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My least favorite passage of Scripture: "I threw it into the fire, and out came this calf.”

And Moses said to Aaron, “What did this people do to you that you have brought such a great sin upon them?” And Aaron said, “Let not the anger of my lord burn hot. You know the people, that they are set on evil. For they said to me, ‘Make us gods who shall go before us.  As for this Moses, the man who brought us up out of the land of Egypt, we do not know what has become of him.’  So I said to them, ‘Let any who have gold take it off.’ So they gave it to me, and I threw it into the fire, and out came this calf.”   Exodus 32:21-24

This is one of my least favorite passages of Scripture.  Aaron….how could you?  “Out came this calf”?  Really?  The people grew tired of waiting for Moses even though it had only been five or six weeks since they had all said, “All that the LORD has said we will do, and be obedient.”  Moses went up to the mountain, and seventy of the elders actually saw God (Exodus 24:10).  Then the glory of the Lord rested on Mount Sinai for six days, visible to all.  There was a promising beginning.   Yet it fell apart very fast. 

Aaron does not lead the people by putting down their complaints and idolatry.  The seventy elders do not rebuke their tribes by reminding them of their vow.  The people do not restrain themselves.  They had all witnessed the deliverance of God; they had lived through it.  Aaron fashions a calf and the people proclaim, “This is your god, O Israel.”  There seems to have been intense pressure for a great party, for no sooner is there an idol to worship than there is a religious festival, a show of piety is made, and the people rise up to play.  Dancing ensues...wild dancing, lewd behavior, likely naked as the pagan peoples practiced.  This is a picture of a people let loose to do what they want in the moment.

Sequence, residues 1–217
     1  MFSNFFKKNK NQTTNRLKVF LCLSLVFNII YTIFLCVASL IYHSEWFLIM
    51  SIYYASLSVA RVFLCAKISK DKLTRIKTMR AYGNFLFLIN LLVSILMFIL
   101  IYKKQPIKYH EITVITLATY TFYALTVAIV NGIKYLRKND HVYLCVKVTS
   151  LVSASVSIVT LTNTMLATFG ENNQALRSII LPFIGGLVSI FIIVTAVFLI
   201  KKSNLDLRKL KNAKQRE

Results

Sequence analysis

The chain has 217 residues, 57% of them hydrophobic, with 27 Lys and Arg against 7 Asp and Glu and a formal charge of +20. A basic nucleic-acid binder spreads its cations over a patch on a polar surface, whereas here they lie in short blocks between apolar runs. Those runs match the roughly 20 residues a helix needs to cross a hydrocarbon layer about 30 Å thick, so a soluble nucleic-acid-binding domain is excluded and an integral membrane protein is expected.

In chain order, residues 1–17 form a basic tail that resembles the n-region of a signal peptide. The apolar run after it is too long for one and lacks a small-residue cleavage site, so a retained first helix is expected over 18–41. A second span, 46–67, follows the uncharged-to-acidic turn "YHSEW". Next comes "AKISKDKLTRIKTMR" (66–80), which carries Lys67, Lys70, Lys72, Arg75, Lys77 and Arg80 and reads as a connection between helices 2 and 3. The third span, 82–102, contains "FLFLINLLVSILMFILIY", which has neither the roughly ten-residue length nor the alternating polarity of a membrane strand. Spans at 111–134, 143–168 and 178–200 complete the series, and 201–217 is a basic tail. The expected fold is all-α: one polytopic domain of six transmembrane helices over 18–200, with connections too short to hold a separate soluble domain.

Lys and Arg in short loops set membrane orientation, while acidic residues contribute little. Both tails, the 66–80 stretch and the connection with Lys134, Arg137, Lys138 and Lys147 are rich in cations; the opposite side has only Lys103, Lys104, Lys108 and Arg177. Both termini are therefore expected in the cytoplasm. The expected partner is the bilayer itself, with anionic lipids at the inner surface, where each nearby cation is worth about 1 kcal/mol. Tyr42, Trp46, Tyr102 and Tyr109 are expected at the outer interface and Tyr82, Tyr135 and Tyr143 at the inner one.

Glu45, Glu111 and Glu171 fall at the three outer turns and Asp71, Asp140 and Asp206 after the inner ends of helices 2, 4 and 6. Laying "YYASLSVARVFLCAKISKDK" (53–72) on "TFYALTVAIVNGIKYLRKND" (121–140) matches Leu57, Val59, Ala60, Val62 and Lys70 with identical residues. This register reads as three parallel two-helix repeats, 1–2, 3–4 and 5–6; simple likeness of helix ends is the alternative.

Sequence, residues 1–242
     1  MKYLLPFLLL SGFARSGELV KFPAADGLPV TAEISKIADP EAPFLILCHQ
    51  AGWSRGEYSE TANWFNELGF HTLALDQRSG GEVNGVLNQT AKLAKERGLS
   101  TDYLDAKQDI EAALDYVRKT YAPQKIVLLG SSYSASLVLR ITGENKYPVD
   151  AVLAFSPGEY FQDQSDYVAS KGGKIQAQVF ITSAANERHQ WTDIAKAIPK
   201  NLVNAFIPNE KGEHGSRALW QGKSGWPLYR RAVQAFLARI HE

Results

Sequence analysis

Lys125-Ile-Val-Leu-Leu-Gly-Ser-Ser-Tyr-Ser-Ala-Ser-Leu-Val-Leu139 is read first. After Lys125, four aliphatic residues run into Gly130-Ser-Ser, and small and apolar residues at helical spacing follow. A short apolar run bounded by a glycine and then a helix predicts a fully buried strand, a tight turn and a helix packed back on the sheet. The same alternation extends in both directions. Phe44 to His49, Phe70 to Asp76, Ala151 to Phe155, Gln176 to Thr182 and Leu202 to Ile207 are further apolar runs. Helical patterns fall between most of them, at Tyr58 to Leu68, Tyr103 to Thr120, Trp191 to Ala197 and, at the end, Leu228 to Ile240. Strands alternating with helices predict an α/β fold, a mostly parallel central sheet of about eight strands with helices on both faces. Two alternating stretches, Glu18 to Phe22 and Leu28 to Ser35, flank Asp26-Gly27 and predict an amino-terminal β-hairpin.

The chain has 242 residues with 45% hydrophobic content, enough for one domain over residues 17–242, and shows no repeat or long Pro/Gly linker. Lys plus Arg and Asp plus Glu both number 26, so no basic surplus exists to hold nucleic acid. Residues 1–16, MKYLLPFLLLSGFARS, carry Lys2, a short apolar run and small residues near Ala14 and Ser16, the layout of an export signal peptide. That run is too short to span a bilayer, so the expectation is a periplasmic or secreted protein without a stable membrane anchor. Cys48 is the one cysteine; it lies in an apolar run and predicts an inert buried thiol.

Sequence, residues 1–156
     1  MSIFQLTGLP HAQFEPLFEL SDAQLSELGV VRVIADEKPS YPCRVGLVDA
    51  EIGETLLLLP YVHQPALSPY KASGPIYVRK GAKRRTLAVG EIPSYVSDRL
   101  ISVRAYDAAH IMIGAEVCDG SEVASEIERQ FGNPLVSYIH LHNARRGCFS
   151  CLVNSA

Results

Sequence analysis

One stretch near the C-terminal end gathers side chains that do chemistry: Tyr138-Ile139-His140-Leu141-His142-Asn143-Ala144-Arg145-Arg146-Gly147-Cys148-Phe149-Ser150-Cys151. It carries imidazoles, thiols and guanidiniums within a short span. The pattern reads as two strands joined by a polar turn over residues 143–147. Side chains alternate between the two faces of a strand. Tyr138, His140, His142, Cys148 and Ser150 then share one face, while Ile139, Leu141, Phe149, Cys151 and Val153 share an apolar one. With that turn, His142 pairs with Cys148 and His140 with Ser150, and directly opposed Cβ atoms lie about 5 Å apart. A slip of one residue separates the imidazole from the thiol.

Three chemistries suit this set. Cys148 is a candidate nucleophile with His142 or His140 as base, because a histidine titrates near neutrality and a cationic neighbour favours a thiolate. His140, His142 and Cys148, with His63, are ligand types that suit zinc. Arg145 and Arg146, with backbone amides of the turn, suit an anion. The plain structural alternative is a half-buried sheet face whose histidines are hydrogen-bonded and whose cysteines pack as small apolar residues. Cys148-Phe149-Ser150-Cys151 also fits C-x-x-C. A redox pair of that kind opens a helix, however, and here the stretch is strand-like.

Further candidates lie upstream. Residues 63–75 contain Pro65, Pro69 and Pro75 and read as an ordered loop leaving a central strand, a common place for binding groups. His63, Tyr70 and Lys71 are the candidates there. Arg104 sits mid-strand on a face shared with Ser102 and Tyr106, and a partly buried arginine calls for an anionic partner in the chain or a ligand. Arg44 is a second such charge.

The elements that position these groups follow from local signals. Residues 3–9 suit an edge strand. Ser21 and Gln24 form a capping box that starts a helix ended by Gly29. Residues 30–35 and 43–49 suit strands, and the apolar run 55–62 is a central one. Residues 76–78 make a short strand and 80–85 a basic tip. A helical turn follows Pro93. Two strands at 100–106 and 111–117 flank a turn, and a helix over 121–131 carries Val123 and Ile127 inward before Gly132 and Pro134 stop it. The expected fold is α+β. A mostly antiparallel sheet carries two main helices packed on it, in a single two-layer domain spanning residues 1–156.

Moses returns to the camp, smashes the tablets on the rocks, and calls out, “Whoever is on the Lord’s side - come to me!”  Then three thousand men are slain.

There are many reflections and applications that can be made from this passage.  On a personal level, are we quick to leave our promises to God, are we intent on our own pleasure, do we seek the approval of others so as to indulge ourselves less encumbered by guilt?  As leaders, are we strong and loving enough to hold fast to truth, even if other leaders back away in fear or uncertainty?  Are we willing to shut down the party?  As a people, are we forgetting Who got us here, Who gave us our laws and freedoms and churches?  Are we willingly believing lies?

I learned of Critical Race Theory last week and Intersectionalism, both trendy worldviews coming out of Marxism that the political left has embraced and has actively been teaching the nation’s youth.  A core belief is that our country was born of oppression, that we got where we are by the hegemony of privileged groups, most notably white, native-born, heterosexual, Christian men.  The children of Israel willfully set aside all they had seen, all they knew, the Holy One Himself, and embraced a ridiculous “religion” that satisfied their own lusts.  Are we not there?

Part of my cringing when I read Exodus 32 is knowing that the passage can be held up as a mirror to any group of people that has ever known of God, and that includes me.  Praise God for His grace that restrains evil both in us and around us!

The generation that danced before the golden calf did not enter God’s rest.  The writer of Hebrews speaks of them, and then says to the church:

“Take care, brothers, lest there be in any of you an evil, unbelieving heart, leading you to fall away from the living God. But exhort one another every day, as long as it is called “today,” that none of you may be hardened by the deceitfulness of sin.”  Hebrews 3:12-13 

Let’s do this at Geneva, and in all the churches we’re a part of!


Brian Turner, Headmaster